Var­ied land­scapes are the Hesters’ fa­vorite thing about the Palmetto Trail: “One minute you’re in com­plete soli­tude, the next you’re de­scend­ing an old rail­way into a his­toric in­dus­trial town,” Bernie says. See for your­self on an 11.4-mile shut­tle hike from Poin­sett State Park to the town of Wateree (a church, a power plant, and a few homes). Climb past oaks draped in gray Span­ish moss, paus­ing at 260-foot Molly’s Bluff to catch views west all the way to Columbia. Then de­scend to the rem­nants of the 19th-century SC Rail­road, where the board­walk bee­lines across the Wateree Swamp. Loop around the reser­voir to the road, then catch a 35-minute taxi back to your car.


Though the moun­tains here seem gentle, the 10.9-mile Mid­dle Saluda Pas­sage packs a se­ri­ous punch. “It’s our fa­vorite sec­tion, and also the most dif­fi­cult,” Bernie says. To taste it, park at Jones Gap (near mile 3 of the Pas­sage) and head west along the Mid­dle Saluda River be­fore find­ing a water­side tent site near mile 2 ($19; re­serve at south­caroli­na­ Next day, bear south along a trib­u­tary, then as­cend .5 mile up steep wood-and-rock steps, gain­ing 400 feet. Top out on a 3,000-foot ridge in the Moun­tain Bridge Wilder­ness, where the view in­cludes farm­lands to the south, a string of dis­tant moun­tains wrap­ping west and north, and the North Saluda Reser­voir to the east. Con­tinue along the spine to a sus­pen­sion bridge that car­ries you to 420-foot Raven Cliff Falls. Re­trace your steps for a 15-mile out-and-back.


You could drive to the top of Sas­safras Moun­tain, but what’s the fun in that? Earn the view on a 24-mile loop that touches the high­est point of the Palmetto Trail—and South Carolina’s tallest peak. At Ta­ble Rock State Park, head west on the Palmetto Trail, fol­low­ing a ridge above the Jo­cassee Gorges. Af­ter the boul­der­field, hit a T in the trail at mile 8.9. Head north to stay on the Palmetto Trail, roller coas­t­er­ing into one of the gorges and then along gran­ite cliffs to a rhodo­den­dron-crowned ridge, the trail’s highpoint. Veer onto the Foothills Trail to as­cend 3,553foot Sas­safras Moun­tain, dot­ted with the moun­tain’s name­sake trees. “It’s drop-dead gor­geous up there for the sun­set,” Bernie says, so set up camp any­where (the whole peak is open) and en­joy. Next day, back­track to the junc­tion and con­tinue on the Foothills Trail, trac­ing cliffs with Blue Ridge views, to Ta­ble Rock, a .9-mile road walk from the trail­head.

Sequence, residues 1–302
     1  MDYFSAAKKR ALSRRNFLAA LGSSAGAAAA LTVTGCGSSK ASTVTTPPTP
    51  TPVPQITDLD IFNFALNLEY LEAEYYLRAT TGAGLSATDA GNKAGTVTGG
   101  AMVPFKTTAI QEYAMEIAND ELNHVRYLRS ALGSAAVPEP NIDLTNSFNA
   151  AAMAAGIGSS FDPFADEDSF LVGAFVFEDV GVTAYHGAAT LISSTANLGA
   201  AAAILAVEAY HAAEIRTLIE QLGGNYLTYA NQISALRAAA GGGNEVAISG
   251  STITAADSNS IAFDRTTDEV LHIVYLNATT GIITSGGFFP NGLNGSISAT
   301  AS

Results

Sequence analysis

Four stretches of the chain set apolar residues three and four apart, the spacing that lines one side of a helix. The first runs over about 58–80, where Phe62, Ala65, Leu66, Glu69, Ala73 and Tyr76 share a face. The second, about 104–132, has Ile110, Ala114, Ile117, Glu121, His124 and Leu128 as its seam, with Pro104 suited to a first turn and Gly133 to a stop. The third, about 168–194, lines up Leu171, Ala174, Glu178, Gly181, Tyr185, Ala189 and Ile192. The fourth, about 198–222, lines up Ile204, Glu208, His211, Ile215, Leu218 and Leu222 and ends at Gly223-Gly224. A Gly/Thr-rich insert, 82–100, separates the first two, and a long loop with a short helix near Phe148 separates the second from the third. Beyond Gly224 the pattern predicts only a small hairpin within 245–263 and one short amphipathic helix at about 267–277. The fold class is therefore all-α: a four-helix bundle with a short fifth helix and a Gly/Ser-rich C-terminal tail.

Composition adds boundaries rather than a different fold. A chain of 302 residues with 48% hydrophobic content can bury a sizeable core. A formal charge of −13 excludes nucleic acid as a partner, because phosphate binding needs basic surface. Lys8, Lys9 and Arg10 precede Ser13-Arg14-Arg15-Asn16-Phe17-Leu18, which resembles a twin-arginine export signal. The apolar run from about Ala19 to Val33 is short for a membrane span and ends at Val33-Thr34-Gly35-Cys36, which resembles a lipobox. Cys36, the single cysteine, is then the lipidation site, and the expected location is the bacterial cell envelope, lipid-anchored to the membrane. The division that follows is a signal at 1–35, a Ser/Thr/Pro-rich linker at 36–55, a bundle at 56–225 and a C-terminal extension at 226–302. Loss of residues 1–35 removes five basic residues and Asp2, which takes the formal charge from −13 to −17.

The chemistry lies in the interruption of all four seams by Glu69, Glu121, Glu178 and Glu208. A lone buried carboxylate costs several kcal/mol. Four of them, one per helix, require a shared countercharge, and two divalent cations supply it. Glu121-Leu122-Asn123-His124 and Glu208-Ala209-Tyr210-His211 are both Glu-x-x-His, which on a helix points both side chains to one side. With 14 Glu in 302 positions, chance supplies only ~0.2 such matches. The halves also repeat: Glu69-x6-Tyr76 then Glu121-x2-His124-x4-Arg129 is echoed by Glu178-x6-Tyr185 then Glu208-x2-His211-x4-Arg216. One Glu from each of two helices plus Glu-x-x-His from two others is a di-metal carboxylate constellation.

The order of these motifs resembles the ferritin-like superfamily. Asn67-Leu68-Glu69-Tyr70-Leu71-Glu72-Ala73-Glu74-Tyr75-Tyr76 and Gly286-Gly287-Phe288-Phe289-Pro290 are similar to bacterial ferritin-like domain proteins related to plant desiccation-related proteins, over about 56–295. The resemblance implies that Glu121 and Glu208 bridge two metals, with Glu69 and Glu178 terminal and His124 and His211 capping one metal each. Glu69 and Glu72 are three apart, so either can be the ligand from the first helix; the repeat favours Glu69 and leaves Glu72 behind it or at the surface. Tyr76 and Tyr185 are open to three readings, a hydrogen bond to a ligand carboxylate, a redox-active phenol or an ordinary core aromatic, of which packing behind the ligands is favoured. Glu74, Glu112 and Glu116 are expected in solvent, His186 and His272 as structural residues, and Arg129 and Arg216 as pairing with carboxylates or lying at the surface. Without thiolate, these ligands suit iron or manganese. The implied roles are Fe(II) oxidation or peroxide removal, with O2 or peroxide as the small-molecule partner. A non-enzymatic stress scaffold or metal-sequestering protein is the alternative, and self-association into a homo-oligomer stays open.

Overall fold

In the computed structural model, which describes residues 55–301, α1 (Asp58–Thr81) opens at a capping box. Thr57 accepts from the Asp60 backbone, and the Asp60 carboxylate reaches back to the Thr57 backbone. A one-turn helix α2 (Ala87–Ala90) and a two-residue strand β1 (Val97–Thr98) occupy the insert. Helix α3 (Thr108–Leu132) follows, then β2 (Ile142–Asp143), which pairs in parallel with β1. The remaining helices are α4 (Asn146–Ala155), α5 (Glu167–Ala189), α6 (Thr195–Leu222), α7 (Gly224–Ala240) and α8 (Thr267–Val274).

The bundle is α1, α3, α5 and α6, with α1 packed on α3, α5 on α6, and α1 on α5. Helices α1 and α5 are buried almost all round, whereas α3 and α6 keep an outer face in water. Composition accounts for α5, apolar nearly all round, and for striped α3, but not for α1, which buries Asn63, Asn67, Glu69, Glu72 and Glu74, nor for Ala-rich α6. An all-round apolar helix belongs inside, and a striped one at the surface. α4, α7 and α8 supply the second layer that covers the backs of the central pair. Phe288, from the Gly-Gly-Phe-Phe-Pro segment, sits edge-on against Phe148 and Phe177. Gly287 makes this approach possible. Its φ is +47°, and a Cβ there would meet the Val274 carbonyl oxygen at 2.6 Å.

Af­ter peak­bag­ging and swamp splash­ing, head over to RJ Rock­ers Brew­ing Com­pany in Spar­tan­burg (6 miles north of the Croft Pas­sage) to clink pints of the Palmetto Trail Pale Ale. All sales of the brew ben­e­fit the Palmetto Con­ser­va­tion Foun­da­tion’s “Fin­ish the Trail” cam­paign.


SEA­SON Jan­uary to March and Septem­ber to Novem­ber SHUT­TLE INFO Taxis are avail­able near Wateree (taxi­cab­in­columbi­, and Na­ture Ad­ven­ture Out­fit­ters (na­turead­ven­ture­out­fit­ runs shut­tles in the Swamp Fox Pas­sage. PER­MIT None CON­TACT pal­met­to­con­ser­va­

Time the Mid­dle Saluda Pas­sage (Walk the Line, right) for March’s budding sea­son.